First heartbreak, now help for a father as his pregnant wife lingers on life support

01/02/2014 7:26 PM

01/02/2014 9:52 PM

We might not agree what’s best for Marlise Munoz, the Haltom City mother on life support in John Peter Smith Hospital.

But at least some people are trying to help.

Munoz, 33, is pregnant. Under the laws of Texas, she must be kept alive, even though her family says she has never regained consciousness and shows no brain activity since collapsing at home Nov. 26.

Her case has been argued by doctors and ethicists nationwide, both in hospitals and on national TV networks.

The debate: Does sustaining an 18-week pregnancy override the Munoz family’s wish to take her off life support?

While her firefighter husband, Erick Munoz, 26, waits for answers and cares for a 14-month-old son, Mateo, friends are helping with family needs and the hospital bill.

The Crowley Professional Firefighters Association started the first benefit drive. Erick Munoz is a firefighter and paramedic in Crowley, and Marlise Munoz worked at Children’s Medical Center in Dallas.

Association vice president Tim Whetstone is well aware of the political storm surrounding both the end of life and the beginning.

“Erick is a close friend and a good brother of mine,” Whetstone said Thursday.

“We are here to support him emotionally and politically. We are not taking a position on right to life.”

Both Erick Munoz and Marlise’s mother, Lynne Machado, of rural Parker County, have said they were prepared to end life support and were surprised to learn they couldn’t.

A 1981 law spells out that hospitals must sustain any patient who is pregnant, no matter the patient’s condition or how early the pregnancy may be.

Machado told KXAS/Channel 5 she is heartbroken to see her daughter in limbo: “No family should have to go through this.”

Erick Munoz has said that both he and Marlise have said they would not want to be kept alive artificially.

“We know what her wishes were,” he told WFAA/Channel 8.

Writing for NBC News, ethicist Art Caplan of NYU Langone Medical Center in New York City said Texas law should step aside and honor the family’s wishes.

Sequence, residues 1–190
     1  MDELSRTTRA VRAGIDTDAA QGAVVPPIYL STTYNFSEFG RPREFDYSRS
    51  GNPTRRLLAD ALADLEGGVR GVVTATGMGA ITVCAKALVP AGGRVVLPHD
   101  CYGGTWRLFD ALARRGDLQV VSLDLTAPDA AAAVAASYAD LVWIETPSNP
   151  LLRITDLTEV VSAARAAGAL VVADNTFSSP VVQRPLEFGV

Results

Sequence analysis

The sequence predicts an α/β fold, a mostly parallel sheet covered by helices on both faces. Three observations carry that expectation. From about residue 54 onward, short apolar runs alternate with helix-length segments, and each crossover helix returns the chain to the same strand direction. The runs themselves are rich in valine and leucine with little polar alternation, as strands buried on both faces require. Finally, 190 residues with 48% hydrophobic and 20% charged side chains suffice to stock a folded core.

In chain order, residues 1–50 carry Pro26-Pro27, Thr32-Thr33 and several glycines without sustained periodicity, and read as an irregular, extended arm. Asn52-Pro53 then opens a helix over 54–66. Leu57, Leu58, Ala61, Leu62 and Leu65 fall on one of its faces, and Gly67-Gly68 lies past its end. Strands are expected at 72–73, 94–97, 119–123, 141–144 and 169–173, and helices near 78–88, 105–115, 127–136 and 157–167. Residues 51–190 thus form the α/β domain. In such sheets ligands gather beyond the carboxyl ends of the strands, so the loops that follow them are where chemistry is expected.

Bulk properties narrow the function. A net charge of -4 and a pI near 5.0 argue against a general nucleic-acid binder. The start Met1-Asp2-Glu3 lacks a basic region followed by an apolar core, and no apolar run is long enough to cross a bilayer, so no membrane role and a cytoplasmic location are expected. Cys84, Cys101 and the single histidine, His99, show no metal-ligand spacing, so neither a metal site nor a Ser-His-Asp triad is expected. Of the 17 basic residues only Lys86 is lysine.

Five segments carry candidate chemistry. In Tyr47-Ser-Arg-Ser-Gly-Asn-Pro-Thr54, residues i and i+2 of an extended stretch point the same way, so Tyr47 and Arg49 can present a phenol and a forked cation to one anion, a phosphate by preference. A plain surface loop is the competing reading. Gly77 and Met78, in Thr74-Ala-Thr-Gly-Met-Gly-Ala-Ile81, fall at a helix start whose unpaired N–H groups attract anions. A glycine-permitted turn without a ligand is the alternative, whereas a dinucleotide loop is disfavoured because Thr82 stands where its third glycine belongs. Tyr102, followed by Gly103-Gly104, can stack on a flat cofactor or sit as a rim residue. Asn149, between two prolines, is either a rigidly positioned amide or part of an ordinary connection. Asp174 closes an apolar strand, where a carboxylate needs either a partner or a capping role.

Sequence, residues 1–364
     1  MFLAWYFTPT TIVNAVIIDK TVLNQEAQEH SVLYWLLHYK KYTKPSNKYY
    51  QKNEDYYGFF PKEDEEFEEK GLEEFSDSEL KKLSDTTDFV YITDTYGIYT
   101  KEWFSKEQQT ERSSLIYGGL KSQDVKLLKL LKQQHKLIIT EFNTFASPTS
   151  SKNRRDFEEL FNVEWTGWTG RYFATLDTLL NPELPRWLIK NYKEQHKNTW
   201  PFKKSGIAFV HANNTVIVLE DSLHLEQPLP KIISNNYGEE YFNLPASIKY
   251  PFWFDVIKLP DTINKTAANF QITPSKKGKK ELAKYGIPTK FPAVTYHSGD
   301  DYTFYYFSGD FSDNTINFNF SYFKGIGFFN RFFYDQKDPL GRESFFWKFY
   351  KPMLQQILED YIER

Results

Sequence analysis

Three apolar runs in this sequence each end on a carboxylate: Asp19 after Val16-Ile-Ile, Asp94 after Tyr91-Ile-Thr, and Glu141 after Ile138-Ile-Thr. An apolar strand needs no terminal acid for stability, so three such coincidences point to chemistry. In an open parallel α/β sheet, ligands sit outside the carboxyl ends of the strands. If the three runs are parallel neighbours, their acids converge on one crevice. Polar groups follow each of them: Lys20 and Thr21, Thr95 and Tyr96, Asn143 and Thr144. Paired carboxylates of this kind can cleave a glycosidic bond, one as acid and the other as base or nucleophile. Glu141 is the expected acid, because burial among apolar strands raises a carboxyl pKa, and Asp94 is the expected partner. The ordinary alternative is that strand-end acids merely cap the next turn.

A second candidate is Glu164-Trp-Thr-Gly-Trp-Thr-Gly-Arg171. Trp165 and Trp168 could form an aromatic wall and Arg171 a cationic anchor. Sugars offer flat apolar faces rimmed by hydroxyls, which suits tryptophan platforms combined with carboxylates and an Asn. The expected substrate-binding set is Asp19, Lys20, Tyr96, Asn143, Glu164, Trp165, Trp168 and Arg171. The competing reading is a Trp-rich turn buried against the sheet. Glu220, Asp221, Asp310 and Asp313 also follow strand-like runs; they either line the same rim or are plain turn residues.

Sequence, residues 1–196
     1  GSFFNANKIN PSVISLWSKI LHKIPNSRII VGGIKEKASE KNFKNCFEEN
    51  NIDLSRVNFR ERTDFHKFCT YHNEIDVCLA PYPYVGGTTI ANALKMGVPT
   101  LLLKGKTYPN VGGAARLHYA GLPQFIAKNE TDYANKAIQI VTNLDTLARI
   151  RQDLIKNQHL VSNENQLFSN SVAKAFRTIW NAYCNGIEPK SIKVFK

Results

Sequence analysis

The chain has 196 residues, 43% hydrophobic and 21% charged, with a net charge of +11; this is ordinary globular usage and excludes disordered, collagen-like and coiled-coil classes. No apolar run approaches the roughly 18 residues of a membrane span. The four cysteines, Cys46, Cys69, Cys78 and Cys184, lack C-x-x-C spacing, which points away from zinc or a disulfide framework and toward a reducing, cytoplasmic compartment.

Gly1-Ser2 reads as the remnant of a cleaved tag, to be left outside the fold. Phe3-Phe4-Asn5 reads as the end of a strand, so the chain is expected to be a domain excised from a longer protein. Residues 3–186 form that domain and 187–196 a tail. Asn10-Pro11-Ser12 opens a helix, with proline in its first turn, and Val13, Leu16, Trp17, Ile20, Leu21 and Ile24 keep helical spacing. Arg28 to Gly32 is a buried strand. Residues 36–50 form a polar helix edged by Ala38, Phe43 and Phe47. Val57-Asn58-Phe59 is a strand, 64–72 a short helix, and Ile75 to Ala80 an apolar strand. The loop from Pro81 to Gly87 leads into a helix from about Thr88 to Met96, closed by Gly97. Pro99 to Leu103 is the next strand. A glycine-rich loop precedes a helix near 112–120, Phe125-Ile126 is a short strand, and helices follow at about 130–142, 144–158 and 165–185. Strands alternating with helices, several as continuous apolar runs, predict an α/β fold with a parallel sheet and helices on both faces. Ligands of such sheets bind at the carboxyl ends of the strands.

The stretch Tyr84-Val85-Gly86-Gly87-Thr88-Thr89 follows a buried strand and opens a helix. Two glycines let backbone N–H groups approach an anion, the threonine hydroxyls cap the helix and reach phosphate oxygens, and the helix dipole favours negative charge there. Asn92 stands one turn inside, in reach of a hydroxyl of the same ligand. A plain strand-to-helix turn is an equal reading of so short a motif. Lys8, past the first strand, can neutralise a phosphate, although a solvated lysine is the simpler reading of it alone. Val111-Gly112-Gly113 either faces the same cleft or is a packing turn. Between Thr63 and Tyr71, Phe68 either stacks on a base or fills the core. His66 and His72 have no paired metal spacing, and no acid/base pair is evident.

“Even in their desire to protect fetal life,” he wrote, “the way the law has been written forces care in situations where the fetus is either not able to live or may be severely impaired.”

But we really don’t know that yet.

Doctors in JPS’ intensive care unit continue to monitor the baby’s heartbeat daily and will know more in a few weeks.

Meanwhile, the Munozes live with daily uncertainty and grief.

“Erick knows everyone has opinions one way or the other,” Whetstone said, saying he has tried to discourage him from reading the flame wars from both political sides on websites.

“We’re just trying to get a family some help.”

Crowley firefighters have collected about $7,000 to help the Munozes.

No matter what happens, there eventually will be a hospital bill. So an online benefit drive began Thursday at the website

This is about more than one life.

About Bud Kennedy

Bud Kennedy


Bud Kennedy is a homegrown Fort Worth guy who started out covering high school football here when he was 16. He went away to the Fort Worth Press and newspapers in Austin and Dallas, then came home in 1981.

Since 1987, he's written more than 1,000 weekly dining columns and more than 3,000 news and politics columns. If you don't like what he says about politics, read him on barbecue.

Email Bud at

Join the Discussion

Fort Worth Star-Telegram is pleased to provide this opportunity to share information, experiences and observations about what's in the news. Some of the comments may be reprinted elsewhere on the site or in the newspaper. We encourage lively, open debate on the issues of the day, and ask that you refrain from profanity, hate speech, personal comments and remarks that are off point. Thank you for taking the time to offer your thoughts.

Commenting FAQ | Terms of Service